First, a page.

Conquest to "the Post Civil war years"
This page needs work
The information on this page was taken from "The history and topography of ... Essex" – Thomas Wright 1831/36. I have not transcribed Thomas Wright's text in my normal "quoted" style as I have changed it for readabilty and as a source for links.
I don't find the statement on the Historic England website with regard to Belchamp Hall
Under the de Veres it was held by a number of families until in 1539 it came to Sir Roger Wentworth.
The estate may well have been "(stiil officially held by the de Veres)" but I think that this is a little bit of an over simplification. There is still much to be researched about the Wentworth inheritance.
The "number of families" include many that are relevant to the national history, both from the political standpoint and who was on the English throne.
Essex, in this case North Essex, was an important strategical holding due to its location. Its proximity to London and the Thames, its coast, along with Kent, facing mainland Europe.
What follows on this page is rather "rambling" and is pretty much a reproduction of Thomas Wright's account. I really need to re-write it (again!). The part that I am tackling here is the second dissemination of what I started with the Hinkford Hundreds, the page for a fuller version of Wright's rext uses expandable sections. I hindsight I don't think that the formatting on the Hinkford page helps. (Note: I am in the process of re-writing it anyway)
A re-write of Thomas Wrights account:
The Belchamp estate belonged to Aubrey de Vere, in the reign of King Henry I
Roese, his daughter, it was given to her for her marriage portion, with her first husband, Geoffrey de Mandeville, 1st earl of Essex.
It was also held by her second husband, Pegasus, or Payne de Beauchamp, baron of Bedford.
Payne de Beauchamp's son, Simon de Beauchamp, was steward of the household to
His son and successor, William, acquired military fame by his prowess and conduct, but proving unfaithful to King Henry III his castle at Bedford was ordered to be demolished.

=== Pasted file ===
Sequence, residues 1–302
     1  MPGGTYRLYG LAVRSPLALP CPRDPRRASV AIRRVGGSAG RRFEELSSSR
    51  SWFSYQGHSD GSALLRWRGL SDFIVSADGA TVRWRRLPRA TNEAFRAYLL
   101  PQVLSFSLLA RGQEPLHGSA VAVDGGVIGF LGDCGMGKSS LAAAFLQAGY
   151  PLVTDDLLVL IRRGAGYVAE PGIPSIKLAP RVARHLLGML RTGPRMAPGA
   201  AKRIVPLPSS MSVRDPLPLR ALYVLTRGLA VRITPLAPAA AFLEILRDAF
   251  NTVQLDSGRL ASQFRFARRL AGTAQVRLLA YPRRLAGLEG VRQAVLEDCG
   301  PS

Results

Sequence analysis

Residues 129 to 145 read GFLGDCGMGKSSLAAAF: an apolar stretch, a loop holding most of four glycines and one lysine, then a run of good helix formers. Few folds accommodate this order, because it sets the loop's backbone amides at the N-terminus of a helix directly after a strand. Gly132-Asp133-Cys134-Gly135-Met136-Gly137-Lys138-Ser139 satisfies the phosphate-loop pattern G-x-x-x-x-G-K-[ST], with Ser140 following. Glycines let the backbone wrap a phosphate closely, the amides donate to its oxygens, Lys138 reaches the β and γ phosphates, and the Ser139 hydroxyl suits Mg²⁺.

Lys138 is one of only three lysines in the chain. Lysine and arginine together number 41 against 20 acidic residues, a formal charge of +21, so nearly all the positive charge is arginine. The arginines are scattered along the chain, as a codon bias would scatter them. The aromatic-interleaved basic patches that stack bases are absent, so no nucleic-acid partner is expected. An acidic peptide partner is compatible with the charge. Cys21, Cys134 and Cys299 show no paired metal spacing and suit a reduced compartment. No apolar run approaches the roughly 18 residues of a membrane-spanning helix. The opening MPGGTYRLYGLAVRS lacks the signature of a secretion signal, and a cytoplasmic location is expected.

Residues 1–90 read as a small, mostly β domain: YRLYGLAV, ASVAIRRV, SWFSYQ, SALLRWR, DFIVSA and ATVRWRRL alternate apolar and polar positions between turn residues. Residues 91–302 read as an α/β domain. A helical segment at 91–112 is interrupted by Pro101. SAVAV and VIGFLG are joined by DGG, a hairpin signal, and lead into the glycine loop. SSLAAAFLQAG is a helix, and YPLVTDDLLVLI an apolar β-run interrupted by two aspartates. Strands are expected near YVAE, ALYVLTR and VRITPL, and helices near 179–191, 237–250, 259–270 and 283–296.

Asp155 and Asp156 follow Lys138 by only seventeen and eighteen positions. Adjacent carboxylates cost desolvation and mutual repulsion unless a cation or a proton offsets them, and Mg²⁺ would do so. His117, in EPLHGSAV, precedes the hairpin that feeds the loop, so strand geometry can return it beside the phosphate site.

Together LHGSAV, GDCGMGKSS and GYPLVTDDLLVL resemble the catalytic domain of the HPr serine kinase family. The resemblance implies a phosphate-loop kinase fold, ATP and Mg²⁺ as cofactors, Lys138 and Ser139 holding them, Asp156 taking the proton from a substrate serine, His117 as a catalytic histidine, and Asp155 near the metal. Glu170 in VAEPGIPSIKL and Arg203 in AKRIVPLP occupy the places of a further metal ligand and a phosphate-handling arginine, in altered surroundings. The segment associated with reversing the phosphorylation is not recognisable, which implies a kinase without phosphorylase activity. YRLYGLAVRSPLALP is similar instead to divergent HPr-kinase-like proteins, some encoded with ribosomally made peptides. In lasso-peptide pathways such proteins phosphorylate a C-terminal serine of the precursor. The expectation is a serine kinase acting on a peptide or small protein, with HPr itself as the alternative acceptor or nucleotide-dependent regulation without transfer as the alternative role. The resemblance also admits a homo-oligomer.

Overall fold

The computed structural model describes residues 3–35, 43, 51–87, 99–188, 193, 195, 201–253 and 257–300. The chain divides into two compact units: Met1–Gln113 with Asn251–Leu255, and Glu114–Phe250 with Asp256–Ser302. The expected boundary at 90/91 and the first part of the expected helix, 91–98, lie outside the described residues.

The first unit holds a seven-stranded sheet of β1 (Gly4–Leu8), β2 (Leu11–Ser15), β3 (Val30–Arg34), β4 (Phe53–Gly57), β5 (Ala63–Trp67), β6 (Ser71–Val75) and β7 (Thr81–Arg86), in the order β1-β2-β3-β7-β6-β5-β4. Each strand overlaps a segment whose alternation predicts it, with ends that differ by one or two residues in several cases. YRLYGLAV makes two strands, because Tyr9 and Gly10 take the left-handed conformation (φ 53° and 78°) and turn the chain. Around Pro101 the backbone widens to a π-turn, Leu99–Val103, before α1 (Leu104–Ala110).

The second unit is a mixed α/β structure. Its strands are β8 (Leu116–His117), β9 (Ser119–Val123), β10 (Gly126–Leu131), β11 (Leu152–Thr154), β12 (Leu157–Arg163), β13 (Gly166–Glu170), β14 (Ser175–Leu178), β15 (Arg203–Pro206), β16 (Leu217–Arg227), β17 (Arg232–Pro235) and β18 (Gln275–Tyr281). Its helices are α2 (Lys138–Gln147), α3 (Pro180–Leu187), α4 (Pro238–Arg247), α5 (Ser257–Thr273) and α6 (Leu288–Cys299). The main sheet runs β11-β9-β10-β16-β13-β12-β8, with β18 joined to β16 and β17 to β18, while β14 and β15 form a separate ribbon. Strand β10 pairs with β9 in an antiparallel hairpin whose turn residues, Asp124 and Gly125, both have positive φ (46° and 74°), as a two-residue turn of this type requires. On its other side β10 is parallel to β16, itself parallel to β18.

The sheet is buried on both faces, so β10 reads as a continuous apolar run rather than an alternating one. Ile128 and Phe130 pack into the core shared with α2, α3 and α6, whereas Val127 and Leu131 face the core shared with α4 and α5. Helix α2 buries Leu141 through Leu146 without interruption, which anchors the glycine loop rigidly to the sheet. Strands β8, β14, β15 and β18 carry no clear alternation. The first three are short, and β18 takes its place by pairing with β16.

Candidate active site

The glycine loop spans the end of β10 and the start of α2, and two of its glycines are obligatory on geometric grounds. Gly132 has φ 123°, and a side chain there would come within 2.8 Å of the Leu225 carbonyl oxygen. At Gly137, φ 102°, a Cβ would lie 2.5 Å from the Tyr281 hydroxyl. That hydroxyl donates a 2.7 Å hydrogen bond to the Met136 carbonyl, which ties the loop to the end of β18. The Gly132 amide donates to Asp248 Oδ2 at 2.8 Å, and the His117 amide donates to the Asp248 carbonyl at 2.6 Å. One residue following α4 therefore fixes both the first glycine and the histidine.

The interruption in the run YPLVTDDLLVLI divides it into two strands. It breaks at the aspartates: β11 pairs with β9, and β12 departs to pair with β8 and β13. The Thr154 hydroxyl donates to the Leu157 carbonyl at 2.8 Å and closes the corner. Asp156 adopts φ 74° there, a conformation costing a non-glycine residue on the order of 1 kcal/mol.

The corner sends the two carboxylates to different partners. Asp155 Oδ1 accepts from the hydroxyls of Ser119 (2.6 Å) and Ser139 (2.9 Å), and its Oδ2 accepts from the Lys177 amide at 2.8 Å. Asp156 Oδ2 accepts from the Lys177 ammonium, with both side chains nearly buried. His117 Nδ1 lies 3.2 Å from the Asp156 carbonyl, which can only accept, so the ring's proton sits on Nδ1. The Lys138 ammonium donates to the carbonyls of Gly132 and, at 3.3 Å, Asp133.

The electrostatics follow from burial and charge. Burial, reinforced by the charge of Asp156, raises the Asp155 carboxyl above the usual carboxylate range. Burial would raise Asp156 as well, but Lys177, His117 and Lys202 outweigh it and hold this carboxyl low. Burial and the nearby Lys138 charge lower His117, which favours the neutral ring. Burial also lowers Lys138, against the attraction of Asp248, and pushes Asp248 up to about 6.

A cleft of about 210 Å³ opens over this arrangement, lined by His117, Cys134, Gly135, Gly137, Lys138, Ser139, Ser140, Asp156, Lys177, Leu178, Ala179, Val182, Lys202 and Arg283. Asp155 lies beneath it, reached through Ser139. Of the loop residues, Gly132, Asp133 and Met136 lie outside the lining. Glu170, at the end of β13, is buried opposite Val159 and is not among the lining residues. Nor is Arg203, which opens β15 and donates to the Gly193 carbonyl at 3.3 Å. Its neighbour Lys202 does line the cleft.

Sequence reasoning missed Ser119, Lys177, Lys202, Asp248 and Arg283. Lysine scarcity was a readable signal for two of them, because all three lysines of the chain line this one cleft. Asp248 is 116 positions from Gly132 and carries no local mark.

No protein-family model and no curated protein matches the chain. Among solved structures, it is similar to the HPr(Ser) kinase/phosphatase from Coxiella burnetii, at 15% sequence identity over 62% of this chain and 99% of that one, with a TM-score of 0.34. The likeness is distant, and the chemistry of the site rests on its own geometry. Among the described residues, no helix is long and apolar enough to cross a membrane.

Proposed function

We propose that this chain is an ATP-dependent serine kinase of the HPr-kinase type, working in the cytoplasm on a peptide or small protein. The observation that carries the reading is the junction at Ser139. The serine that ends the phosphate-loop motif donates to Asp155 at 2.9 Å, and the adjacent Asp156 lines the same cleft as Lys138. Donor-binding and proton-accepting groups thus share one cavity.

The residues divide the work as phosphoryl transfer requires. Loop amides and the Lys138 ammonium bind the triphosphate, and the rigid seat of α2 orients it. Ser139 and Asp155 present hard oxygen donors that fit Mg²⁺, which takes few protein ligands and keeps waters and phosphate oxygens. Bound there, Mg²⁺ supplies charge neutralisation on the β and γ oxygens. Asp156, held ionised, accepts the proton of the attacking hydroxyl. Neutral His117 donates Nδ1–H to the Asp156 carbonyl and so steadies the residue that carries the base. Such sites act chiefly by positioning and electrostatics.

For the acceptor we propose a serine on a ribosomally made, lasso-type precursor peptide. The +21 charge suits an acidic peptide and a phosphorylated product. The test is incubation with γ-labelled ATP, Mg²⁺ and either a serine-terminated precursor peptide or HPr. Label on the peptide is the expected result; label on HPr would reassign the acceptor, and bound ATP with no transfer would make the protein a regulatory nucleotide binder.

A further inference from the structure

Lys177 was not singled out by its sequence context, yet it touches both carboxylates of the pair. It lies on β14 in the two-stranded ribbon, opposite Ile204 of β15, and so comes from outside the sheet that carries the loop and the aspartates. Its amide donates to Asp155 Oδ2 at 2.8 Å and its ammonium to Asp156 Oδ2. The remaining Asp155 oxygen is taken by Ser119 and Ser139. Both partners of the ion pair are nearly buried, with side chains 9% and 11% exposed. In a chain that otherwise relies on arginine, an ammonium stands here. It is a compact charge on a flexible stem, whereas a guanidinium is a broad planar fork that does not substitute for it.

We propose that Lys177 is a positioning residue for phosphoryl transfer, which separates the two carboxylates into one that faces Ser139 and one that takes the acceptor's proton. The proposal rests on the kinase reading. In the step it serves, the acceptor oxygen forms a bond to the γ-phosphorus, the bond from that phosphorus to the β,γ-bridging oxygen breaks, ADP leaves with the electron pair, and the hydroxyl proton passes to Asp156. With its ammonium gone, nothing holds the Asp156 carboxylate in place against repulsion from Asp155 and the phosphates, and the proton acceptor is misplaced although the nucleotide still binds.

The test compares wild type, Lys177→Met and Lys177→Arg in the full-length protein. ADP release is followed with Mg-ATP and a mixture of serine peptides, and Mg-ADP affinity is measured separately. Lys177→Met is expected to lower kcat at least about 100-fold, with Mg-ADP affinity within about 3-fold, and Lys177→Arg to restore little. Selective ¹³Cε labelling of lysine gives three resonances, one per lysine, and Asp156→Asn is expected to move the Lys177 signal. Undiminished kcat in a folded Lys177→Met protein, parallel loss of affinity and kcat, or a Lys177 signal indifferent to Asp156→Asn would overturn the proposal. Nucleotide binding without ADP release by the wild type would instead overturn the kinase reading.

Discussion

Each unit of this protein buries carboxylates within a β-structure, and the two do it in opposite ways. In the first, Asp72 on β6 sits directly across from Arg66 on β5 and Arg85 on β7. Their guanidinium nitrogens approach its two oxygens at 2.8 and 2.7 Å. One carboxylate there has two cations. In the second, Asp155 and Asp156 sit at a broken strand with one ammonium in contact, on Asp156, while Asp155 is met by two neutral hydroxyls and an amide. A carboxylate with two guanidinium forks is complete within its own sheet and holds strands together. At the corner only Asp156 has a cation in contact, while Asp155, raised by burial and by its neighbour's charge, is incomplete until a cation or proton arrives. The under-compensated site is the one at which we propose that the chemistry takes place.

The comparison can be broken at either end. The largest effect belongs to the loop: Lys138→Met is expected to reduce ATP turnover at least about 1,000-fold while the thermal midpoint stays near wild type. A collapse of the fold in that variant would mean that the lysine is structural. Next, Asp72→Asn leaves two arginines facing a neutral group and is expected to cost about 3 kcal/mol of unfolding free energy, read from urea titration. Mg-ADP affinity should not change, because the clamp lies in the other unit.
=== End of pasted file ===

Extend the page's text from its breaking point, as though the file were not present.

William de Beauchamp died in 1259, or 1260, leaving, by his wife Avicia,
his sons Simon, William, and John; and his daughters, Maud,
Beatrix, and Ella.
Simon the eldest son, Simon de Beauchamp survived his father three years, leaving an only daughter, who did not succeed to this inheritance.
The estate was granted by the lord paramount, Hugh de Vere, earl of Oxford, to William (de Beauchamp), her father's brother, to be held by the service of one knight's fee.
On William (de Beauchamp)'s death, in 1264, he was succeeded by the third and last brother (John de Beauchamp?); but, sometime in that year, being among the barons who rose in arms against King Henry III, he was slain at the battle of Evesham (1265), and his confiscated lands given to prince Edward, the king's eldest son.
These co-heiresses and their husbands, or joint heirs, upon paying their compositions, in pursuance of the "Dictum of Kenelworth," J(oan) had livery of the barony of Bedford, and the great estates which belonged to them, and, in 1278, on the death of Avicia, widow of William Beauchamp, of Bedford, a partition was made between these co-heiresses.
Roger de Mowbray, the son of Maud de Mowbray (daughter of William de Beauchamp), held lands here in 1281, of the earl
his successor was his son John (de Mowbray)
and John de Steyngreve, on his death in 1295, also had possessions here.
Isabel, his only daughter, was married to Simon de Pateshull, who, in her right, held these lands at the time of his death, in 1296.
He left a son named John, and Isabel, his widow, was married to Walter de Tey (born between circa 1250 and circa 1270).